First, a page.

Sunday, June 7, 2009

Left Littered by War

The Vietnam war ended in 1975. But now, more than thirty years later, the people of Lao are still caught in it's aftermath. From 1964 to 1973 the U.S. flew more than half a million bomb missions to block North Vietnamese troupes through Laos(1).

Cluster bombs - one type of bomb the U.S. dropped during its missions - release dozens of smaller sub-munitions. These weapons injure so many civilians because they spread widely across heavily populated areas. When the bombs fail to explode on impact - and 30% of them do - they can stay on the ground years after combat ends. Approximately 78 million remain today in Laos(1).

People who come into contact with these bombs suffer severely. Loss of limbs and disability are common. Because Laotians living in rural areas (where many of these unexploded bombs are) have Limited access to health care, or the care is of poor quality, many victims die unnecessarily or end up in a worse medical condition than they would have if they had better treatment. Cluster bombs also perpetuate and exacerbate poverty. All of a sudden an injured person's family has medical bills it can't pay. The energy spent to help an injured person recuperate leaves less time for other day-to-day life sustaining activities.

An Organization in Lao called COPE (Cooperative Orthotic and Prosthetic Enterprise) was established in 1997 to help those affected by unexploded bombs. COPE trains community members in rehabilitation services and provides prosthetic and mobility devices for those who can't afford them. Cope also aims to prevent accidents from happening by informing the community about the dangers of unexploded ordnances. Check out the website for stories and pictures about their amazing work. (

Over 15 countries have used cluster munitions, and 85 countries have stockpiled them. Laos is only one of more than two dozen countries that have been affected by the use of these munitions(2). But as important as organizations like COPE are, they can't address the problem alone. The problem is a world-wide concern.

The problem can be broken down into three main issues: preventing future use of cluster bombs, assisting survivors and cleaning up cluster bombs that remain on the ground. The Convention on Cluster Munitions - signed by 94 countries as of December 2008 - is an effort to find solutions to these three problems. (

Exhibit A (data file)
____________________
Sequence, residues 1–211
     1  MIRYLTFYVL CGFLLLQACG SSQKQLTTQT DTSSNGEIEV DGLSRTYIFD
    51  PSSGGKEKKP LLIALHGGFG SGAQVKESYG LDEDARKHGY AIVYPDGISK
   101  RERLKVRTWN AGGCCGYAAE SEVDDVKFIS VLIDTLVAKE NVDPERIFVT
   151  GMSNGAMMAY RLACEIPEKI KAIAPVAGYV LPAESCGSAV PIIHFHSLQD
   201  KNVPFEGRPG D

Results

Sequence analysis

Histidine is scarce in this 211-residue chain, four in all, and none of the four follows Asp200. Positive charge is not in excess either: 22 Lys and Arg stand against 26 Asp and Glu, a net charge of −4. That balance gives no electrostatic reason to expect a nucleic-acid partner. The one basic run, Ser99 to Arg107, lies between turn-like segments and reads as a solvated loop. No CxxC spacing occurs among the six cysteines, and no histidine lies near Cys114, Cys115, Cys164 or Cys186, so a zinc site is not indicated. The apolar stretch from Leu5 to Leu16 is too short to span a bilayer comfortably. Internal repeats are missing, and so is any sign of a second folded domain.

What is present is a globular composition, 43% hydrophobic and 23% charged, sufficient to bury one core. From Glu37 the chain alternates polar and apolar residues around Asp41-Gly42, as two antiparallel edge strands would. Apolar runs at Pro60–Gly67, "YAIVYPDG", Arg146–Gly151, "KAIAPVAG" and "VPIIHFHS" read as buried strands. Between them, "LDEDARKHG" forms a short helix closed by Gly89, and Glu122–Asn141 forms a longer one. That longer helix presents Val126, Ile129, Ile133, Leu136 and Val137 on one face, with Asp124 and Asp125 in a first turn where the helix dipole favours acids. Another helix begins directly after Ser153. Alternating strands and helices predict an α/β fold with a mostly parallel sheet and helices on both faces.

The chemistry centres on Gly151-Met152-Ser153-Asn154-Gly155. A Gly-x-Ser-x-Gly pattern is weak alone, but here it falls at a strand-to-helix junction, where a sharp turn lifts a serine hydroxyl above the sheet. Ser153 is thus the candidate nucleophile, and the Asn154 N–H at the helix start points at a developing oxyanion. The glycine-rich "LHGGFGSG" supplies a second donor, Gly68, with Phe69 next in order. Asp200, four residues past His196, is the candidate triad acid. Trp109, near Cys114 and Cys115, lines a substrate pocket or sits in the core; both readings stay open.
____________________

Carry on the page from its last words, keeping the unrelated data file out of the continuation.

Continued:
This treaty prohibits the use, production, transfer and stockpiling of cluster munitions; provides a framework for assistance to survivors; and calls for clearance of contaminated areas within 10 years. If ratified, the instrument will create a stronger global intolerance towards the use and storage of cluster bombs.

The United States heavily bombed Laos during the Vietnam war (and thus contributed to the abundance of unexploded cluster bombs on the ground now) but still hasn't signed the treaty. 28 NATO member countries have signed. As a NATO member country, the US is out of step with most of its major military allies says Steve Goose, Arms Division director of Human Rights Watch. Russia, China and Israel are also major users of cluster bomb that haven't signed. There is hope, though. President Obama passed legislation on March 11, 2009 stating that cluster munitions can only be exported if they leave behind less than 1 percent of their sub-munitions as duds.

The true heroes are not the signatories of the convention but rather the organizations that brought states together around the issue in the first place. The Coalition on Cluster Munitions, composed of civil society organizations such as Handicap International and Human Rights Watch, spearheaded the development of the Convention on Cluster Munitions. The Coalition encourages civil society to participate by writing letters or emails to their representatives in government, organizing public meetings, debates, exhibitions and other events to raise awareness of the problem. Their website is a great resource for how to get involved in the campaign to ban cluster bombs. And please do!

1. Cluster Munitions Problem.

2. Cluster Munitions Coalition - The Problem

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